Beneficial Role Clarified for Brain Protein Associated with Mad Cow Disease
Scientists have clarified details in understanding the beneficial function of a type of protein normally associated with prion disease of the brain, such a bovine spongiform encephalopathy (commonly known as mad cow disease) and its human counterpart, variant Creutzfeldt-Jakob disease. Studying mice and zebrafish, researchers from Washington University School of Medicine in St. Louis and the University of Zurich have shown that the proteins – when properly folded – play a vital role in nerve cell function by maintaining the insulation around axons, the nervous system’s electrical “wiring.” To read more, click here.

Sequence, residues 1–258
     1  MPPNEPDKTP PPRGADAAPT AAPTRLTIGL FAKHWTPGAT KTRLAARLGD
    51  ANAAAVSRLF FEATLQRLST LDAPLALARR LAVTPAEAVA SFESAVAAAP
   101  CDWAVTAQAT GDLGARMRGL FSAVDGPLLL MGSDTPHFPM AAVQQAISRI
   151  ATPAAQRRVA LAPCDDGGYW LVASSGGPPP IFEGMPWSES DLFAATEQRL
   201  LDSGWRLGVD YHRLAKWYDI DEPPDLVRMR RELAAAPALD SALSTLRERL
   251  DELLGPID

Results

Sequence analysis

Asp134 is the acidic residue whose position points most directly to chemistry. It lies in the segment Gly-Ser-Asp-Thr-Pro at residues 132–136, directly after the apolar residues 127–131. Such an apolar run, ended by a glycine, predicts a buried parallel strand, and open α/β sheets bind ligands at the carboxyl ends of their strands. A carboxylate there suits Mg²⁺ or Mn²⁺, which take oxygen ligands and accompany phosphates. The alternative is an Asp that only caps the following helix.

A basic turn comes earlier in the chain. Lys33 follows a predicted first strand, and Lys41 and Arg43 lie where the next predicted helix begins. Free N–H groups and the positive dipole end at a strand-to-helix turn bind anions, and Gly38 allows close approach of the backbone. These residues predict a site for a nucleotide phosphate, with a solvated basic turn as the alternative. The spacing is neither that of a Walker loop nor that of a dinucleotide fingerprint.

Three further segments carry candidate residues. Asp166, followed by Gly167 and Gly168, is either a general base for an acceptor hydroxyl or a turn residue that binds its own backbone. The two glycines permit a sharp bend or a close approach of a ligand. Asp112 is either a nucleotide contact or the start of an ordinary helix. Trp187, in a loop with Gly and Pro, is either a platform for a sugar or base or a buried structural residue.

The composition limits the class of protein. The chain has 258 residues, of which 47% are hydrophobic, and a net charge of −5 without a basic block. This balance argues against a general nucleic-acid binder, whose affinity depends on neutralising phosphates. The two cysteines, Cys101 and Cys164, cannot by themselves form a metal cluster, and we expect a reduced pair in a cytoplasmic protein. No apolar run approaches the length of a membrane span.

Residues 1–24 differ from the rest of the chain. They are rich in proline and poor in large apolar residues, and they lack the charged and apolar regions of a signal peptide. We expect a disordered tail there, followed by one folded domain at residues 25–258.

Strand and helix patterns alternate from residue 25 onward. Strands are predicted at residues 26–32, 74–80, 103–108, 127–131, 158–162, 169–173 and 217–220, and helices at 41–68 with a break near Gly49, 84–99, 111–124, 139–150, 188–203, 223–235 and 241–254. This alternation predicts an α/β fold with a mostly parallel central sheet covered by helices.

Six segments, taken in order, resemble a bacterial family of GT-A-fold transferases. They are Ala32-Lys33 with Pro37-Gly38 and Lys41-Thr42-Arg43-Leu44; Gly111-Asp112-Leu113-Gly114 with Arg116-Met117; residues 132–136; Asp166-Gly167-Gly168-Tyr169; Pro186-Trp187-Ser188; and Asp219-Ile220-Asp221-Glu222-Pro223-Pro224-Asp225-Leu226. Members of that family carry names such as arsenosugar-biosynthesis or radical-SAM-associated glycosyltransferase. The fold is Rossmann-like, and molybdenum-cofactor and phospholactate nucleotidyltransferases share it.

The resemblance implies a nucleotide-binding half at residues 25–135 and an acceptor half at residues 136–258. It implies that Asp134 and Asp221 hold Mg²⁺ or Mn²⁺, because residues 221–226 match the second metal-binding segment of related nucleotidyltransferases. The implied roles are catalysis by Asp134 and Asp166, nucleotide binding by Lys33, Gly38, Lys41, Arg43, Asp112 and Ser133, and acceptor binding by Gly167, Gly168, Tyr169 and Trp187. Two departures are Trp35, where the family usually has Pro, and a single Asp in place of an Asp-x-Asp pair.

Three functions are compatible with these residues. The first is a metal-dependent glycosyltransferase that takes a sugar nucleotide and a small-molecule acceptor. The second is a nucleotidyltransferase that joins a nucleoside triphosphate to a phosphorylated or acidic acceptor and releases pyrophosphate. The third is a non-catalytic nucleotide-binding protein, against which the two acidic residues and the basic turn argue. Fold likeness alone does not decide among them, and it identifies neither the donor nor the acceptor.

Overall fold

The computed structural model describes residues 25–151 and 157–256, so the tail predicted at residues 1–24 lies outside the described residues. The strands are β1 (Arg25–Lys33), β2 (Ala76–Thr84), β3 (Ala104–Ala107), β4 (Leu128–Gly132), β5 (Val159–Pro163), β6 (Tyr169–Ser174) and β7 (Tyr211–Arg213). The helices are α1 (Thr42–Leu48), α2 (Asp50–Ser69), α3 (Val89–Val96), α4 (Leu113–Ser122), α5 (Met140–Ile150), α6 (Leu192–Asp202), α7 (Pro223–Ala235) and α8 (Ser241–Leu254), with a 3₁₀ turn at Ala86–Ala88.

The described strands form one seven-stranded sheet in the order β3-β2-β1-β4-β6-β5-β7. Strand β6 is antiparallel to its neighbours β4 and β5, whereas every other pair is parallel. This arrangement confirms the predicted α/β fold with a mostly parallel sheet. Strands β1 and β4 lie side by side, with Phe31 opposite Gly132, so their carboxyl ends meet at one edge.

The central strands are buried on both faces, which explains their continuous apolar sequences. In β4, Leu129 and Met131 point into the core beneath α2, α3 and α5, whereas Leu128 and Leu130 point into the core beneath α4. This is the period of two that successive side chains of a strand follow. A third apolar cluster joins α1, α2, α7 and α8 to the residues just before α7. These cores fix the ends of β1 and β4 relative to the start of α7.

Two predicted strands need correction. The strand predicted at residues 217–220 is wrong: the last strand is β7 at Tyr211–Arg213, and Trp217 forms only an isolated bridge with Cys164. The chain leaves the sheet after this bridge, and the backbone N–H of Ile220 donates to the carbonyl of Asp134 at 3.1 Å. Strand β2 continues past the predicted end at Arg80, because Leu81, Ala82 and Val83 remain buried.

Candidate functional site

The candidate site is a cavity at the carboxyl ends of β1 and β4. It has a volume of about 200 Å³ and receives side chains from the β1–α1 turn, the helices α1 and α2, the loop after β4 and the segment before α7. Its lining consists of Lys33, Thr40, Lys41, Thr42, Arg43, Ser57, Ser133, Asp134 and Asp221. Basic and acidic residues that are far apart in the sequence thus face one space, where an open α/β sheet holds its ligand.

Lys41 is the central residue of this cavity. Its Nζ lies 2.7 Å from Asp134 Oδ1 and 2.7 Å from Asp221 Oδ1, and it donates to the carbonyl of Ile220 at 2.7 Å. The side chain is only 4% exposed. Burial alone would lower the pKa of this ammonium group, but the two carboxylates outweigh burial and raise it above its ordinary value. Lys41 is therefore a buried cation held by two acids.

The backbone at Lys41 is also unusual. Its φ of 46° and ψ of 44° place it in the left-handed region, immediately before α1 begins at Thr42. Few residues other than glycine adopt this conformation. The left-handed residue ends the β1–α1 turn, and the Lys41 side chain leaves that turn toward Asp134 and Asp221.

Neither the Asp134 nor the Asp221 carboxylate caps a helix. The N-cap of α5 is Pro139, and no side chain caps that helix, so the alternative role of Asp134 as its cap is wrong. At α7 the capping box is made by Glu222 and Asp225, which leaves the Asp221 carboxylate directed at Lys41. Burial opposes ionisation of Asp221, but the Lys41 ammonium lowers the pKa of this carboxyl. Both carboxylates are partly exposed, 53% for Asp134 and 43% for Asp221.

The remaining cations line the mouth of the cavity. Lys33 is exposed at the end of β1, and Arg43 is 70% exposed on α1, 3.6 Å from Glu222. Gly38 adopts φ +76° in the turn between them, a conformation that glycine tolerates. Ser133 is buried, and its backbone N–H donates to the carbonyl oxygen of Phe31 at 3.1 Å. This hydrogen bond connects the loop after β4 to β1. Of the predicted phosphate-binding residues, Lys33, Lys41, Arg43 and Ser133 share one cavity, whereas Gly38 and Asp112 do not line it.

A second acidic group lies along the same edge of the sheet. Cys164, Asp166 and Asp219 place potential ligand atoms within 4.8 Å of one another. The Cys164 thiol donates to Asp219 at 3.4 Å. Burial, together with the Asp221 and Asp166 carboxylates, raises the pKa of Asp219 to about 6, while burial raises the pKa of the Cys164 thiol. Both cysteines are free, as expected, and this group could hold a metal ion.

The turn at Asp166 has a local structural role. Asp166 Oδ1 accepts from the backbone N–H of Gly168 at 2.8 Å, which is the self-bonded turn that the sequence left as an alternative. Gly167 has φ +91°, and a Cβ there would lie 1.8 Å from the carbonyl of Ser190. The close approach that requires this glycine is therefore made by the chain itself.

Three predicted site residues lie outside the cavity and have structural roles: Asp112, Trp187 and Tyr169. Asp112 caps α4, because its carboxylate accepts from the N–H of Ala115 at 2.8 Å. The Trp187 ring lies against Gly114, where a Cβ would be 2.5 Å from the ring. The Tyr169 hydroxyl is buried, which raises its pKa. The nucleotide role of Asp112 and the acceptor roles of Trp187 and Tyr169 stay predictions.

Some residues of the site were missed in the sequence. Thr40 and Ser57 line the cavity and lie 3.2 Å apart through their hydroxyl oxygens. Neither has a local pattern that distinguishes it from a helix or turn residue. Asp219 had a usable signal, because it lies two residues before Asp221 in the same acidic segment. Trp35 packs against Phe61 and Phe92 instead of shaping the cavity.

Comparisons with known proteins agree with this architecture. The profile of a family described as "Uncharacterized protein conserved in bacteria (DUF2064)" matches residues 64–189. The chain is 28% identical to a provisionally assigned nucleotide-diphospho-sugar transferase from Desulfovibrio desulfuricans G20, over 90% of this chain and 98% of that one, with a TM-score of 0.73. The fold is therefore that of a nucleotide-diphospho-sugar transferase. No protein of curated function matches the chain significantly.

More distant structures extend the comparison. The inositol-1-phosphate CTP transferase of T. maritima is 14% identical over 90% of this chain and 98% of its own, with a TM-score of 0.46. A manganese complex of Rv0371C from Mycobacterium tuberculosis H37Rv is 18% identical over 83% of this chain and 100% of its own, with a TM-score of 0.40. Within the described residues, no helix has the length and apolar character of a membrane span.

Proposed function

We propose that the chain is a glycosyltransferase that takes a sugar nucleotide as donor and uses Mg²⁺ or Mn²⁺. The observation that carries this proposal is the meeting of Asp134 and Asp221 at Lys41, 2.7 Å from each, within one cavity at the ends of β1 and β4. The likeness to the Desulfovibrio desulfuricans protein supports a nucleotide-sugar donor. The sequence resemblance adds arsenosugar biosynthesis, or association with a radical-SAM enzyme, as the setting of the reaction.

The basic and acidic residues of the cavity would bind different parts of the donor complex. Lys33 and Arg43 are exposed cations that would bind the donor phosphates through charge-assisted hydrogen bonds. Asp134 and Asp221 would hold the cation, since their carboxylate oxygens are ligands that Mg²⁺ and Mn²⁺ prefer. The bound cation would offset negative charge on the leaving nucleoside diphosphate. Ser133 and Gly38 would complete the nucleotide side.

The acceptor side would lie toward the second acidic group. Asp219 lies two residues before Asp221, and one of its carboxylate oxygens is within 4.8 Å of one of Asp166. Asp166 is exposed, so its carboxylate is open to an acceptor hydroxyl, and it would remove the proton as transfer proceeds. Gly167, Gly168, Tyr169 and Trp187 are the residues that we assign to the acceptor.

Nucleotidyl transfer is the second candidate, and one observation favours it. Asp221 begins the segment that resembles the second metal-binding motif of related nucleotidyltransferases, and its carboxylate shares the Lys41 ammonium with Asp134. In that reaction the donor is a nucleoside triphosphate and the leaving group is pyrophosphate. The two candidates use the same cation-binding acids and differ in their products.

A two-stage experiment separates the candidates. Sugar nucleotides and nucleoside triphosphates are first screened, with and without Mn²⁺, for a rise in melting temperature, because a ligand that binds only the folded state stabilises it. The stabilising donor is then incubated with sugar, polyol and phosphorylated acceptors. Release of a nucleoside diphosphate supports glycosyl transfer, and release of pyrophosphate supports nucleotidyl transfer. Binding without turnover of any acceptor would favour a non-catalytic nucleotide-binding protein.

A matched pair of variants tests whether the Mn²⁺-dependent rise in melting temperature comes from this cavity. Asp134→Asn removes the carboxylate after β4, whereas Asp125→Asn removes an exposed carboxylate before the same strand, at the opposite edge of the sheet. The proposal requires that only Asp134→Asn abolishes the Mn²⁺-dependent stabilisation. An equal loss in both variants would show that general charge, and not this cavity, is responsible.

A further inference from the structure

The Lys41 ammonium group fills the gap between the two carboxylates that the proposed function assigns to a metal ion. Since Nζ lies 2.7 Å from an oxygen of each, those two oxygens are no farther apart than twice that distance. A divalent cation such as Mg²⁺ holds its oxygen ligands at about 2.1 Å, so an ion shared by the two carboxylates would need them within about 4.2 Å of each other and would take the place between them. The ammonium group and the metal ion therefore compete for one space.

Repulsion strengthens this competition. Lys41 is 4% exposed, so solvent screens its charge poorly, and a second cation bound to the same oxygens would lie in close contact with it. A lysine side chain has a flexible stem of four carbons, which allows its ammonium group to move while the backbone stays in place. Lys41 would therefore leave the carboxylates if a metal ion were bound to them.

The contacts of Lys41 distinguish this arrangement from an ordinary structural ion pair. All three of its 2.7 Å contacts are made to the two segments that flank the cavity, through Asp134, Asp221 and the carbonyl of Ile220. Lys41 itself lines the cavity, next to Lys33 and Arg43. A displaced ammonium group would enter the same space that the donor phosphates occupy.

Microsurgical Approaches to Aneurysms and Skull Base Diseases 2017
Oct. 26-28, 2017; Jacksonville, Fla.
Pituitary Tumors: Diagnostic and Treatment Dilemmas
Oct. 27, 2017; New York
GOODMAN Oral Board Preparation Course Tumor
Nov. 1-3, 2017; Glendale, Ariz.
8th World Congress of Neuroendoscopy
Nov. 1-4, 2017; Cape Town, South Africa
3rd Annual Selected Topics in Craniomaxillofacial Surgery
Nov. 4, 2017 - Nov. 5, 2017; Boston, Mass.